Facing floods and landslides, Afghans turn to nature for protection
Amir Beg Khusrawi still has vivid memories of a flash flood that swept through his village in Afghanistan’s rugged northeast a decade ago.
“[It] destroyed around 20 houses, claimed livestock, and damaged our agricultural lands so that even now we are not able to use them,” says Khusrawi, 61.
His experience is not unique. In remote settlements across Afghanistan’s Pamir Mountains, deep in the heart of Central Asia, locals have long struggled with landslides and floods.
In recent years, though, both have become worse as flagging rainfall, worsened by climate change, and both overgrazing and fuelwood collection have stripped the land of the greenery that once acted as a barrier against the elements.
For many, the combination of floods, landslides and persistent drought has compounded the challenges of living in Afghanistan.
We need to break the cycle where residents are forced to overexploit the region’s natural resources just to survive.
Melad ul Karim, Agha Khan Foundation
In some parts of the Pamirs, though, slopes are stabilizing.
That includes the Deh-shahr catchment, a 60 km2 swath of Afghanistan’s rugged Badakhshan province that is home to 3,000 people.
There, local residents, with support from the United Nations Environment Programme (UNEP) and the Aga Khan Foundation, have replanted native trees and shrubs on steep slopes, constructed earthen works to slow water runoff, built small dams to control gullies, and renovated leak-prone drainage canals.
The effort, funded by the European Union, has helped buffer communities from floods, landslides and avalanches by restoring vegetation cover and improving soil stability.
“Often, the best solutions for problems like floods and landslides are a hybrid combination of natural and built infrastructure,” said Hassan Partow, a Programme Manager at UNEP's Disasters and Conflicts Branch. “They are cost-effective and readily available, which is crucial in a country like Afghanistan.”
Forty years of armed conflict and political instability has created a perfect storm of widespread deforestation, unsustainable agriculture and forced displacement in Afghanistan. That has combined with endemic poverty to breed food insecurity, especially in remote communities.
The climate crisis has made matters worse. Most rural communities in Afghanistan rely on winter snow and ice for water. However, temperature rise due to climate change has caused precipitation levels to fluctuate. That has led to both droughts and severe mountain floods that swamp villages with debris, said Melad ul Karim from the Agha Khan Foundation.
To counter these challenges, some communities in Afghanistan are embracing what are known as nature-based solutions, which include everything from replanting trees to practicing sustainable farming.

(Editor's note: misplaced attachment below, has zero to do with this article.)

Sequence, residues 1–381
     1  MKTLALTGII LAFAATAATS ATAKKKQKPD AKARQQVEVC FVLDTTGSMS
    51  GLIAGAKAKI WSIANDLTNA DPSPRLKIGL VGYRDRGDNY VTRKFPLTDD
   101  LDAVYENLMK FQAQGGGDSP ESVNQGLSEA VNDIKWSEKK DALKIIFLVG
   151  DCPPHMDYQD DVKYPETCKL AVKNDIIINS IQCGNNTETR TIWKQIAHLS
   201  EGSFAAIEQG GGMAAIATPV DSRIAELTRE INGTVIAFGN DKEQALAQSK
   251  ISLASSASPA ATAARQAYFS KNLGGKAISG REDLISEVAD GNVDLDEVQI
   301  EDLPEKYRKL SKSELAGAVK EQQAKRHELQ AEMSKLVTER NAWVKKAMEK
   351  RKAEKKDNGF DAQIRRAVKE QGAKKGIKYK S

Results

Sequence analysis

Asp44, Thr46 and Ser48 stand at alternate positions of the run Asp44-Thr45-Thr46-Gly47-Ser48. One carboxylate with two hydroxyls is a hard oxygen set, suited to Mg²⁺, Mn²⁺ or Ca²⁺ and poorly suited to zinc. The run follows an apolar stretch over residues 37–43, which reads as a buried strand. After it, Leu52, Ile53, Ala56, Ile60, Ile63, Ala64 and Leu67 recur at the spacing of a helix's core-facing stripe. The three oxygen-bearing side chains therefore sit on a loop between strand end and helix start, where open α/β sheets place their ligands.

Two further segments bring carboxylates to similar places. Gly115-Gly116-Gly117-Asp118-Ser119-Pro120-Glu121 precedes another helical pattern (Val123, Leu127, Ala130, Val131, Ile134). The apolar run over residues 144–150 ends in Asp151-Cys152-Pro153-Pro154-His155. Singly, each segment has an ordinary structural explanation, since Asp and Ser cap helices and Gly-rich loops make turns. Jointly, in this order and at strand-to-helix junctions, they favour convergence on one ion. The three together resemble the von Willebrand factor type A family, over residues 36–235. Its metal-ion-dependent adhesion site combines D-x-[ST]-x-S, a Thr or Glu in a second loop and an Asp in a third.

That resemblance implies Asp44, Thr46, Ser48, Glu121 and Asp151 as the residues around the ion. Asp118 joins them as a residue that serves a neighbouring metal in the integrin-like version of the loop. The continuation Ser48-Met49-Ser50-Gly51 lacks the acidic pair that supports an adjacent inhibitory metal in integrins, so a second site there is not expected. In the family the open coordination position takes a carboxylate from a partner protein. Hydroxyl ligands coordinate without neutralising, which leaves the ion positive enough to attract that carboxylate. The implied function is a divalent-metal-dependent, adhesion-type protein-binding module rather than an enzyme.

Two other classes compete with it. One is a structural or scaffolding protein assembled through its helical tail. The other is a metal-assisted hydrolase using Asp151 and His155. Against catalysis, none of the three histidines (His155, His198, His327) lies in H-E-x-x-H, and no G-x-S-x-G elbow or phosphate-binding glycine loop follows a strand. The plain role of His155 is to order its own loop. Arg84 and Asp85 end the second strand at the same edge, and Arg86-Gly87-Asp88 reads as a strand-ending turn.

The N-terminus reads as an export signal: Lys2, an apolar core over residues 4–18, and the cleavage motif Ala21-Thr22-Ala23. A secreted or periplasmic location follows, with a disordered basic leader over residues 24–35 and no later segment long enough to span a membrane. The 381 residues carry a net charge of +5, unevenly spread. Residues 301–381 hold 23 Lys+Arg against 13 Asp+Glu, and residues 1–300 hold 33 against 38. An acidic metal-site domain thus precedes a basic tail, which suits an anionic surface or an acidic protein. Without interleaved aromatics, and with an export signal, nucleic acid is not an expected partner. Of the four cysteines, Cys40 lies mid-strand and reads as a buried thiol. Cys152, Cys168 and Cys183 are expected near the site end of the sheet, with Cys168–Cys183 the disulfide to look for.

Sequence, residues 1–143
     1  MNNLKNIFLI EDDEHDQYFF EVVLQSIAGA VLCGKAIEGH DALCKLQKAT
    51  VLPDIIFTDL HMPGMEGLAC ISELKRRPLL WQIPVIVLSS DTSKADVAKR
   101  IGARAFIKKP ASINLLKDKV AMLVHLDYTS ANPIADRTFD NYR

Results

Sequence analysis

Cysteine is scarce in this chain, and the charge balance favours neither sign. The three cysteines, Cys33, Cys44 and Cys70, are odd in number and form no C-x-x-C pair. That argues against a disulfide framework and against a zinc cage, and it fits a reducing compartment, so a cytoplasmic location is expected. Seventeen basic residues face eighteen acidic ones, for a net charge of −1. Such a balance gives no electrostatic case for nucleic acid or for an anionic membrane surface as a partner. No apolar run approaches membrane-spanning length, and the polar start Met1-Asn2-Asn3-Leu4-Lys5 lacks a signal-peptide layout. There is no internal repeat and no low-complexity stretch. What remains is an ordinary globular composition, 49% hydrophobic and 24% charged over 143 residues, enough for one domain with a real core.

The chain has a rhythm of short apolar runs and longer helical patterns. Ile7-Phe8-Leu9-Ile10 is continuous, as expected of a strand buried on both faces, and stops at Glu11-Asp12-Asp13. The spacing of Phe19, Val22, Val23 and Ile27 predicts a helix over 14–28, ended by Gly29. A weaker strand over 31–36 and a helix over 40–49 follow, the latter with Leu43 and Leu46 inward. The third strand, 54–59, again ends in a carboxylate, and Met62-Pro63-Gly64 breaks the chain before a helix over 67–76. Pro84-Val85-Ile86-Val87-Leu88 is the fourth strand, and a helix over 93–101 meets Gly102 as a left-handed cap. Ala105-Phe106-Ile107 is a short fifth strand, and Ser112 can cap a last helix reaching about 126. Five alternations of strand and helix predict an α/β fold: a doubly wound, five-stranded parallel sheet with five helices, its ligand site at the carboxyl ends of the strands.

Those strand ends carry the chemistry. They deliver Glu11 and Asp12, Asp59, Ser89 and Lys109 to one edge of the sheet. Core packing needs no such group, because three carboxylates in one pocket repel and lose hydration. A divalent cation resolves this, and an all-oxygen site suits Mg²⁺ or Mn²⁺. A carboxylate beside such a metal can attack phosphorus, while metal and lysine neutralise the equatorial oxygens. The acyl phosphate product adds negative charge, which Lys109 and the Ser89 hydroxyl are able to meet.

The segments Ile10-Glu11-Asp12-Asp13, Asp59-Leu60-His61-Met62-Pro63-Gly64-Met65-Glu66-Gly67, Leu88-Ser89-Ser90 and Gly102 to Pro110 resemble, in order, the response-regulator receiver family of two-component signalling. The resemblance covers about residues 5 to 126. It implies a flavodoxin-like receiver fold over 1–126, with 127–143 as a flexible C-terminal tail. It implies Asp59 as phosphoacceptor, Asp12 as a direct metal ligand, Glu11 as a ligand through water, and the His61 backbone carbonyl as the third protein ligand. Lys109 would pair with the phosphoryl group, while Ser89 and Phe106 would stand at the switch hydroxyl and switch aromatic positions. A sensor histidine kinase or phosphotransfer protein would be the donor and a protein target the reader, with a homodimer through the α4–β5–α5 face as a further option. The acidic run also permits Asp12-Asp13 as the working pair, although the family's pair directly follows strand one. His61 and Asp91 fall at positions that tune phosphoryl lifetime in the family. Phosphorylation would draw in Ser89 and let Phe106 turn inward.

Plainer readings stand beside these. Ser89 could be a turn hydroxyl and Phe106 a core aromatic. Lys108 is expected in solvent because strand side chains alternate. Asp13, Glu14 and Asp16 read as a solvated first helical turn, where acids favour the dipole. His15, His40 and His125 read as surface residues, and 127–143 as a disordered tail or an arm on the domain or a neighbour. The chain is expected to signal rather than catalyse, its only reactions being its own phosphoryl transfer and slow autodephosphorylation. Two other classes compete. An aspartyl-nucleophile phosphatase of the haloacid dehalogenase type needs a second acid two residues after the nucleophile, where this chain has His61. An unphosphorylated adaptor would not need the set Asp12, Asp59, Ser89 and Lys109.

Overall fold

In the Deh-shahr area, crews built a 1km dike reinforced by vegetation to protect agricultural land from flooding. “In the past, each spring the flood would wash out thousands of our fruit and non-fruit trees, and our lands,” said Sher Mohammad Zafari, Head of the Natural Resources Management Committee of Deh-shahr Village. “But after the stabilization of the torrent banks, people have replanted thousands of trees and are now able to use their lands.”
Locals have planted almost 50,000 trees, including apricot, almond and willow saplings. In total around 190ha hectares of land are in the process of being rehabilitated and 150ha of rangeland are receiving special protection. This is reducing soil erosion, helping the earth conserve moisture and supporting local biodiversity.
“Many hectares of our slope lands are planted with thousands of fruit trees,” said resident Sayed Mohammad. “These lands used to be grazed by people’s livestock in the past, but after this project, they are conserved by people and are not used for grazing.”
Crucially, residents have planted trees not only on the valley floor but also on steep slopes and upland areas where landslide risks are greater. “The question is not simply one of planting trees, but rather of which tree species, where they are planted and for what purpose,” said Partow.
The trees and their produce have provided a source of income for local residents. Meanwhile, to help prevent community members from chopping down trees and depleting rangelands for firewood, crews installed 125 solar water heaters in disadvantaged homes, providing hot water for bathing, washing and cleaning.
“In conflict zones, like northern Afghanistan, ecosystem restoration must go hand-in-hand with efforts to provide livelihoods for community members,” said Melad from the Agha Khan Foundation. “We need to break the cycle where residents are forced to overexploit the region’s natural resources just to survive.”
That’s a vision that many in Deh-shahr share.
“After the project started in our village, people have committed to not cut trees and bushes in the village,” said resident Malik Aman Hassani.
Now, people from neighbouring villages are visiting Deh-shahr to learn from its experience and reproducing similar restoration actions in their own areas, according to the Agha Khan Foundation.